Since the recordings were made with portable recorders, the sound quality does not match today’s  standards, but everything else is all there: the classic Cajun dance hall songs, the crowd in the background, an old-time Cajun Saturday night brought to life again on Tina Pilione’s CDs.

Visit Tina Pilione's Official Web Site for more information on Sterling Productions CDs, details about all her activities, photos of musicians, and other information.

Snook Foret is shown on the left with a friend in the first photo. The photo immediately above was taken many years later. Brochures promoting Evangeline Parish tourism can be seen in the background. The photo below shows the bar at Snook's at an earlier time. Photos courtesy of Denise Foret.


The man who operated the now legendary club for most of the time that it was the Saturday night home of the Mamou Playboys was a World War II veteran named Nathan Foret, known to everyone as Snook. He fought under General George Patton until he was injured in the Battle of the Bulge. Back home he worked in construction (with Jimmy C. Newman, who used to sing and play his guitar during work breaks) before deciding to start a bar in a building that he rented. Snook's opened in 1948. In addition to a bar and dance hall, It became a gathering place for the Ville Platte community, where political rallies and other activities would be held.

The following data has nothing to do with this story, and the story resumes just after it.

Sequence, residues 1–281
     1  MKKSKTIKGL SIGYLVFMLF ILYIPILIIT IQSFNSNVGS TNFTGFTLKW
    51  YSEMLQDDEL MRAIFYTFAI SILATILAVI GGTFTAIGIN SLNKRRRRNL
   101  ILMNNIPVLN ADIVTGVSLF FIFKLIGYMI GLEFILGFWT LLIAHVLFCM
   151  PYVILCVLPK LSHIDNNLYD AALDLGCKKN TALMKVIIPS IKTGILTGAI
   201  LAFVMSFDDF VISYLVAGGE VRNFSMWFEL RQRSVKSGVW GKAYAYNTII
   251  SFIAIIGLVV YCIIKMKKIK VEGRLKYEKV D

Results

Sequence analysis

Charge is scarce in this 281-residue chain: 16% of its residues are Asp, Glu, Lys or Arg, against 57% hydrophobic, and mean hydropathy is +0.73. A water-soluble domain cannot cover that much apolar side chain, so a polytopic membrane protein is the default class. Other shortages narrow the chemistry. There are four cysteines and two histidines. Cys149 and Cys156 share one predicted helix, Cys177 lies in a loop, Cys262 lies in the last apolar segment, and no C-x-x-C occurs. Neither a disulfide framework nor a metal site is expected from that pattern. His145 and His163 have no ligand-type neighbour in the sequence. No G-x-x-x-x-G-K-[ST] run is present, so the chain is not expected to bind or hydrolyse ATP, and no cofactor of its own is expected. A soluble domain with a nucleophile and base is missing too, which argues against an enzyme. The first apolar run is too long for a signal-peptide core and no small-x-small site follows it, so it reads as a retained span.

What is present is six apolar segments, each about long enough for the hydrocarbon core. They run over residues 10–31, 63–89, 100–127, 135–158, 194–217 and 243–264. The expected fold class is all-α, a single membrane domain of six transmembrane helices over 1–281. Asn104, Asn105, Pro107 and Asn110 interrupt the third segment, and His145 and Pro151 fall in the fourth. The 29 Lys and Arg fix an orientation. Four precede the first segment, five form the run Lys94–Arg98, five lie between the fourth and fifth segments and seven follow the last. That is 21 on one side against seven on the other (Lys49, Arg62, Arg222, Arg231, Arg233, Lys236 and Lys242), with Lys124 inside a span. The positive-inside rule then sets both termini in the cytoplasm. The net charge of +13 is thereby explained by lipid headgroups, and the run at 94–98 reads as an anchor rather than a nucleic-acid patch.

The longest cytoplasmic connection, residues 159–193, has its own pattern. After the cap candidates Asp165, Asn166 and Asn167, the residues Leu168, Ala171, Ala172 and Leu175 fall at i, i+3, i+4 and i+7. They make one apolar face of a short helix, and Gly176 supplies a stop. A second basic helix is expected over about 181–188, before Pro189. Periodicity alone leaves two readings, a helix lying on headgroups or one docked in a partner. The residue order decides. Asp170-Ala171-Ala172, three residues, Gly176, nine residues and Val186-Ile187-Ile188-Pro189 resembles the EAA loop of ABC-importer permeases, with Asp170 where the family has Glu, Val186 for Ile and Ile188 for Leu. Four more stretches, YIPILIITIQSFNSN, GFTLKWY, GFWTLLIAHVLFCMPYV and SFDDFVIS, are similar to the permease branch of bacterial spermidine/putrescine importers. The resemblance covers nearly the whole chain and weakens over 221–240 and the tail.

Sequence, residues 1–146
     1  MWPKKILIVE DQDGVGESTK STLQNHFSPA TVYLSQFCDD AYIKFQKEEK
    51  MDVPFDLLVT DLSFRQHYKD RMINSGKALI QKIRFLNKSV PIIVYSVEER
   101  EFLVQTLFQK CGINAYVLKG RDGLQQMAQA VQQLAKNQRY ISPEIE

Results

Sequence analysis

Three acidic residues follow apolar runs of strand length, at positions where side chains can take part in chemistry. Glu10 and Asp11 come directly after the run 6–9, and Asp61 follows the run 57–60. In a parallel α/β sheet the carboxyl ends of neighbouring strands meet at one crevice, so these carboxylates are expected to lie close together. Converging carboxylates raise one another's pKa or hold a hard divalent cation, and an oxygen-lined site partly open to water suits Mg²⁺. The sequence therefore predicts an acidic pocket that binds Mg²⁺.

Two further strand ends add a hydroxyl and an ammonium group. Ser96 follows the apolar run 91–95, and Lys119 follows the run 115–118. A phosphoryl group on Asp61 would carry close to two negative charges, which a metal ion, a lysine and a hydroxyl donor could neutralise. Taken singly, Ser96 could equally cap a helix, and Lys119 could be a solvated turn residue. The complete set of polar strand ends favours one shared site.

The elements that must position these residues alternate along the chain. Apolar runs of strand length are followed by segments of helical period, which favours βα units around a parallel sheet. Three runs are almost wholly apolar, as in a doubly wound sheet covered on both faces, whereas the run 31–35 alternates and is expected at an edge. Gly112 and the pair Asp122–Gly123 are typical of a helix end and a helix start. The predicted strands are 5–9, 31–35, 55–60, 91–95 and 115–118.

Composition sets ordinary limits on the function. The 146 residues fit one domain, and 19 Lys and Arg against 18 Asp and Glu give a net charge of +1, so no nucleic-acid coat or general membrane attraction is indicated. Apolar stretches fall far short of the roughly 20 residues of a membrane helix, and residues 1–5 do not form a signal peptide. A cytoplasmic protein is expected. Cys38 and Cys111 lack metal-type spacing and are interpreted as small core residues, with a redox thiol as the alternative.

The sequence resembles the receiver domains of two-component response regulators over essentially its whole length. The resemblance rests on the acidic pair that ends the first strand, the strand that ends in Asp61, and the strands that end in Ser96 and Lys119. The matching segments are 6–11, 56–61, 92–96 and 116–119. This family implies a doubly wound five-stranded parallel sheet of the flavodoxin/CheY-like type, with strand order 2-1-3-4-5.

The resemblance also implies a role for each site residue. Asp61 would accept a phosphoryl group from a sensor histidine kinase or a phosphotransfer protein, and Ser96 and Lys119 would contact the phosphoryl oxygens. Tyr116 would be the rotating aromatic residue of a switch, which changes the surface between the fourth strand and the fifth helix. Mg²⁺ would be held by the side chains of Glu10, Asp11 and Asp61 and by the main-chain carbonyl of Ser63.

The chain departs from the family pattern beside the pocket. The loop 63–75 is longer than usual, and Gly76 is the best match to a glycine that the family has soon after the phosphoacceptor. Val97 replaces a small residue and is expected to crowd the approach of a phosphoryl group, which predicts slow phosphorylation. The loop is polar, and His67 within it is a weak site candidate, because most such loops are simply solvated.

While the focus of anyone interested in Cajun music is rightly on the musicians themselves, it is important to remember the role of the club operators in promoting the music and keeping the clubs going while the dominant American culture headed in many different directions. 

Making sure the customers are happy and taking care of the business are routine responsibilities of any club operator, but there is always the unexpected. After his experiences in combat, Snook Foret was prepared to handle any difficulty that might arise in his club. His daughter, Denise Foret, a member of the LSUE LeDoux Library staff, recalls the time when a man shot another man in the club. Snook walked over to the shooter, got his gun, summoned the police, and then called his wife so that she would not be surprised when she heard about the killing on the news.  The shooting was an isolated incident, but just one of the challenges that anyone running such an establishment has to be prepared to face.

In the early 1980s, Snook Foret decided to retire from running Snook’s, and, for a number of years, another manger operated the club. Eventually, it closed. For a while, the building housed a church. As of 2007, it is vacant.

Snook Foret died in 2004.  By then, just about all of the old dance halls across the region had closed. But the legacy of the music played in those dance halls, now preserved for future generations on these CDs, remains as a very rich resource for today’s Cajun musicians and everyone who enjoys real Cajun music.

Posted 7-7-07.

All photographs (except those in the section above) and text by David Simpson.